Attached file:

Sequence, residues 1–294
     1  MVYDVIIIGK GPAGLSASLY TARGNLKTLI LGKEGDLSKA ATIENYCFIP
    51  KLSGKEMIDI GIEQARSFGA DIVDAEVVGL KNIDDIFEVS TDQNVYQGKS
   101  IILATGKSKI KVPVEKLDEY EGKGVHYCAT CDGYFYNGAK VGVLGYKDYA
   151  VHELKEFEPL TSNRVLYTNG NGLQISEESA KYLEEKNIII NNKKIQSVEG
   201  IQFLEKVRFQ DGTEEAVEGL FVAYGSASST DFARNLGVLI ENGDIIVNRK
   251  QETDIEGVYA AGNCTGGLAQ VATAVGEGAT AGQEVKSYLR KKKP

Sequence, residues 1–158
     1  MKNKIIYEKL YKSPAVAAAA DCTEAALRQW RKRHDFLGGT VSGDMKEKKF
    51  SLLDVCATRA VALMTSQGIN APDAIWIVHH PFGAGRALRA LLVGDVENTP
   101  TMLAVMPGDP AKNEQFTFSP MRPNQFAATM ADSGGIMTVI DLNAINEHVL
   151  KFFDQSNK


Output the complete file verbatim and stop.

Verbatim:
Sequence, residues 1–294
     1  MVYDVIIIGK GPAGLSASLY TARGNLKTLI LGKEGDLSKA ATIENYCFIP
    51  KLSGKEMIDI GIEQARSFGA DIVDAEVVGL KNIDDIFEVS TDQNVYQGKS
   101  IILATGKSKI KVPVEKLDEY EGKGVHYCAT CDGYFYNGAK VGVLGYKDYA
   151  VHELKEFEPL TSNRVLYTNG NGLQISEESA KYLEEKNIII NNKKIQSVEG
   201  IQFLEKVRFQ DGTEEAVEGL FVAYGSASST DFARNLGVLI ENGDIIVNRK
   251  QETDIEGVYA AGNCTGGLAQ VATAVGEGAT AGQEVKSYLR KKKP

Sequence, residues 1–158
     1  MKNKIIYEKL YKSPAVAAAA DCTEAALRQW RKRHDFLGGT VSGDMKEKKF
    51  SLLDVCATRA VALMTSQGIN APDAIWIVHH PFGAGRALRA LLVGDVENTP
   101  TMLAVMPGDP AKNEQFTFSP MRPNQFAATM ADSGGIMTVI DLNAINEHVL
   151  KFFDQSNK